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Reagan’s Legacy Needs No Slogan : He Understood Private Enterprise, and That’s What Worked

<i> Robert J. Samuelson writes on economic issues from Washington</i>

I have never liked the term Reaganomics. It symbolizes what’s wrong with our economic debates. Sloganeering substitutes for clear thinking.

Reaganomics was a catchword of President Reagan’s friends and foes alike to mean whatever they pleased. For both, it signified something new--either wonderful or terrifying. This was always hype. Reagan had no new theory. His economic success rested on an old truth: Private enterprise works. As he leaves office, it’s important to get this straight.

Reagan understood (as many economists do not) that private enterprise is the economy’s central engine of growth. The quest for bigger markets and profits spurs expansion, innovation, efficiency. This being so, Reagan strove to create a climate in which private enterprise could flourish. Ending double-digit inflation was essential because it subverted growth; people and businesses couldn’t plan for the future. Quite naturally, Reagan supported the Federal Reserve Board’s tough anti-inflation policies that led to the deep 1981-82 recession.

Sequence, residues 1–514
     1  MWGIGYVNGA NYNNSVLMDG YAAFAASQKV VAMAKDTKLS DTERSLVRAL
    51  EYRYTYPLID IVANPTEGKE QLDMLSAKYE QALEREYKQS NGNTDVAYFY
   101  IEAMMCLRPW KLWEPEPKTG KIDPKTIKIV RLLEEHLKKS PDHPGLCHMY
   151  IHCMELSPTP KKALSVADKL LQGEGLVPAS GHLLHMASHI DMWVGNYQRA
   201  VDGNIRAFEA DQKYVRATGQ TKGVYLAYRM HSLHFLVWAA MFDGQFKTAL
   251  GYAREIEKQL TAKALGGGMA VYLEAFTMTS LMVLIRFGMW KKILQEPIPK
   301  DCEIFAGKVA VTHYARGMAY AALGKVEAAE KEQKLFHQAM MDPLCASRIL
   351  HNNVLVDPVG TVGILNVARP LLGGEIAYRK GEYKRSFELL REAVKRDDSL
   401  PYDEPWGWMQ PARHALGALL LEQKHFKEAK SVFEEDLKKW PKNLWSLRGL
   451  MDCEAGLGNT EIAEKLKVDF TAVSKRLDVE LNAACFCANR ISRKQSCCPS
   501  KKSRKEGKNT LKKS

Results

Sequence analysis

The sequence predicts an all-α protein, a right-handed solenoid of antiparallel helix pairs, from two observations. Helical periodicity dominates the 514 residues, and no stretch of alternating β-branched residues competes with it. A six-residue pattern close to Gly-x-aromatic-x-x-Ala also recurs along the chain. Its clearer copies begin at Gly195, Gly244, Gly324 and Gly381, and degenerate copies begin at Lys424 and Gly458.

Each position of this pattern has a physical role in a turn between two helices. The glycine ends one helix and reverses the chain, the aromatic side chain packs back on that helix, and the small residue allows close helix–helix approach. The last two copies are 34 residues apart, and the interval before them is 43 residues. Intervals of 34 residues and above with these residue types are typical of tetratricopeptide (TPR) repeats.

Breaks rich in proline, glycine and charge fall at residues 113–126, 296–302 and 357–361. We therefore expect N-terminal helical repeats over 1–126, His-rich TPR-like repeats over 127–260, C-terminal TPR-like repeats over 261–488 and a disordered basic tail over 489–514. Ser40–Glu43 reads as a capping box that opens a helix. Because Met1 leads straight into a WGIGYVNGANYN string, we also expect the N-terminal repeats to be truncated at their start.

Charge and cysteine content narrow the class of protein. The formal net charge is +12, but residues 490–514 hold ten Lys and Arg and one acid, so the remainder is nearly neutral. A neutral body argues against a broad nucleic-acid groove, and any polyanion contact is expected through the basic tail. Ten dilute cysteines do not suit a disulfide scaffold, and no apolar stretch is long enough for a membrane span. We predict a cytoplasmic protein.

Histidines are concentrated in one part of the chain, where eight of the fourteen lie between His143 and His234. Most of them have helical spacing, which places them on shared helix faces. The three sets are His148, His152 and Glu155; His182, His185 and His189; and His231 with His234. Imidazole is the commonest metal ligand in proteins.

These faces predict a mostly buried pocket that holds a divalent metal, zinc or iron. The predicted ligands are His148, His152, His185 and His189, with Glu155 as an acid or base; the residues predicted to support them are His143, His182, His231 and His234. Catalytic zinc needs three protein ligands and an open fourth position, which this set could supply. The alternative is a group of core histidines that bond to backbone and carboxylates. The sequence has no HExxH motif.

Part of the public’s mystification with Reagan--and the envy of his critics--stems from a sense that he didn’t earn his success. It was too effortless. After high inflation was broken, he seemed almost a casual observer to the ensuing six-year recovery with its 16 million new jobs. Precisely. What’s misunderstood is that Reagan chose not to meddle. His comparatively passive style represented a decisive reversal of the approach of the previous 20 years.

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For almost two decades every President from John F. Kennedy to Jimmy Carter actively pursued “full employment.” There was a feeling that the economy wouldn’t work properly unless the government “managed” economic growth. The result was a series of overly expansionary policies (featuring low interest rates) that ultimately created double-digit inflation. Reagan rejected this eager activism. His orientation was completely different. Activism assumed that private business needed stimulating. Reagan assumed that business would grow if obstacles, mainly inflation, were removed.